Home l People l Credits  l Rates l Facilities l Location l Glossary l What's New l Wit & Wisdom l Tangram West l History l Game  


Simon Rose's 
Editing Glossary.

A is for:

  B   C   D   E          I    K   L     N   O     Q  R     T   U   V       Y   Z

A/B-roll 1 Film: A method of cutting neg on two rolls with overlaps so that dissolves and fades can be produced without using opticals (i.e. without going down a generation and losing quality)
2 Videotape in linear suite: As above really.
Action Cut A cut between two shots that uses continuity of motion to fool the eye and create a smooth transition. A good action cut is the most invisible transition you can make.
Tip: If you are cutting between two angles of a moving object (e.g. a door opening) its more important to match the speed and direction of the movement than to be fussy about  exact continuity of position.
ADR Automatic Dialogue Replacement: 
Speech recorded on location often has unwanted background sound and may be off-mic (the sound recordist has not been able to get the microphone close enough to the speaker because of problems with boom shadows etc). 

On documentaries you usually have to live with this. But on features the dialogue is replaced after editing the picture.
The traditional method was to make a loop of the picture and sync sound of each dialogue scene, together with a loop of magnetic film of the same length. Each actor would then stand in a dubbing theatre watching the picture and listening to his original dialogue on headphones and repeat the words until everyone was happy that they had good synchronisation of picture and sound and that the performance was as good and preferably better than the original. 

These days the procedure is much the same except that, instead of a dubbing editor having to produce hundreds of loops, machines can instantly replay any selected section of a film. The automatic bit comes in when the machine adjusts the position of each dialogue line to give the best sync match. This used to be done manually by the dubbing editor.
Tip: If you are trying to synchronise a line of dialogue - its the end that's most important! The audience doesn't have time to notice the first syllable but by the end they will spot just one frame inaccuracy.
Picture lagging after sound produces "lazy lips". 
Analogue recording Traditional way of recording  pictures or sound onto tape, disc etc where the recorded signal is analogous (bears a similarity) to the original. As opposed to Digital recording, where everything is turned into the numbers that computers can handle.
Answer Print Print made from the final cut negative of a film, incorporating the first attempts by the lab at colour grading. The editor returns it with comments (usually rude), or views it with the grader before the final release (movie) or transmission (TV) print is made.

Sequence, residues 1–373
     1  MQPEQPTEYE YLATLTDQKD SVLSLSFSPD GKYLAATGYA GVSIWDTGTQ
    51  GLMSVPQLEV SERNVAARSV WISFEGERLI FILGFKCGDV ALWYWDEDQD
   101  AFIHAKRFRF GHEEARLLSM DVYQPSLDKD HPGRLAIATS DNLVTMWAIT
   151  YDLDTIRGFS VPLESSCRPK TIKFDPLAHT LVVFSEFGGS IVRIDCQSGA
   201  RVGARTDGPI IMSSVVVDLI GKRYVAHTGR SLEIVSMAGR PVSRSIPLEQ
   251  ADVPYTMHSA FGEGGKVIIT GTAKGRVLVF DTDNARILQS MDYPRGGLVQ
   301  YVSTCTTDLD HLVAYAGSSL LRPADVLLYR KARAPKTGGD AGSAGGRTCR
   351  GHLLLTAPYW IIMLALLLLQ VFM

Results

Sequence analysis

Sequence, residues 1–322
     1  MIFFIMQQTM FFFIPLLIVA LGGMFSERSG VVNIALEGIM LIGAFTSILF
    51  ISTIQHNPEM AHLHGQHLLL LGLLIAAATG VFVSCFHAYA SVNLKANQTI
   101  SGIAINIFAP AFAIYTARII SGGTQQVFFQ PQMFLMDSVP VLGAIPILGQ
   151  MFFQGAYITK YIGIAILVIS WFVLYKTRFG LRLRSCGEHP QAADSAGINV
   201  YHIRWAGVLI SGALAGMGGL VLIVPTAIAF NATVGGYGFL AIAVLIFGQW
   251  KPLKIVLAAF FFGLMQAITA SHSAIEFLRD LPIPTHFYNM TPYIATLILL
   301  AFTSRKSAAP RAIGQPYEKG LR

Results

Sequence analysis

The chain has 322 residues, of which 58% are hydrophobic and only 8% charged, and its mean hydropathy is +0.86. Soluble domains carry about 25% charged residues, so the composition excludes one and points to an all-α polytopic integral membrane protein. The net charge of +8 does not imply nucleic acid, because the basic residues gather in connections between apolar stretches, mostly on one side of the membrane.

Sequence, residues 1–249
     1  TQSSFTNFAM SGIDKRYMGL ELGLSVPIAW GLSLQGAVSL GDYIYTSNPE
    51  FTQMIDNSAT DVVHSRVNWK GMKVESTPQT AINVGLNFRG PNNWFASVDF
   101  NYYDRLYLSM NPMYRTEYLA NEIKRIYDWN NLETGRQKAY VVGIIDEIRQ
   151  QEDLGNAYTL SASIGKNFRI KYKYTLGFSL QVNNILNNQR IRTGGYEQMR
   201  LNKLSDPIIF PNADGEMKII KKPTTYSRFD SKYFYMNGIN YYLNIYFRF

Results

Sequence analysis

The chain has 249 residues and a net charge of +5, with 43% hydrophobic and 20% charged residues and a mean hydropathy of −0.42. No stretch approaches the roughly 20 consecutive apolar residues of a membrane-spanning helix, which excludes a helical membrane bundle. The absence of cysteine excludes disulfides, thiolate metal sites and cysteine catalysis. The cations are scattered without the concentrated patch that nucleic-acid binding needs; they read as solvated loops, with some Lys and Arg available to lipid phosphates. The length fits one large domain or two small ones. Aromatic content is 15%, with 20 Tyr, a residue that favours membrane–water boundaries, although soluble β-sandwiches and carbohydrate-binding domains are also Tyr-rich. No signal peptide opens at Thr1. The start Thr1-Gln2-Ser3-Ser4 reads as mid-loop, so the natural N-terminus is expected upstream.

Archive material Film or video sourced from a library etc. and not specially shot. (See film researcher- if budget allows).
Aspect Ratio The ratio of width to height of a picture. Old fashioned movies and films have a ratio of 4:3 (12:9).  Wide screen TVs have 16:9. Compromise letterboxes are 15:9 or 14:9.  Wide screen film formats include 1.85:1 (just over 16:9) and 2.35:1  (about 21:9).
Out of interest (I hope) the classical 'Golden Mean', supposedly the ideal ratio of a picture, is approximately 1.618034:1 or 14.56 :9
Assistant Editor See Editor.
Assemble Edit In old fashioned linear tape editing: adding one shot to the last, starting at the start and ending at the end. The alternative is insert editing, or go non-linear! 
Assembly Early loose rough cut.
Atmos Atmosphere track/ buzz track/ room atmos. Sound recording made at time of filming (see wild track) to provide matching background sound to aid in editing dialogue etc. Now that dubbing theatres have digital samplers that can take a few frames of a background sound and loop it, atmos tracks are not quite so essential.
Audio Sweetening Low budget term for sound mixing.
Auto Conform Getting a computer to replicate all the edits in an on-line suite that have previously been done in an off-line suite.
i.e. You spend weeks with an editor in a relatively cheap room (like those at Tangram) and then take an EDL to a bigger, swishier, more expensive room where the final cut you have produced at low resolution quality is replicated at broadcast quality in a few hours.
(I used to tell film people that auto conforming is like neg cutting. Now I tell video people that neg cutting is like auto conforming)
Avid Brand name of a range of non-linear editing software and systems. By clever marketing and by providing a range of products that are constantly updated they have become the market leaders in the professional field.
AVR See compression.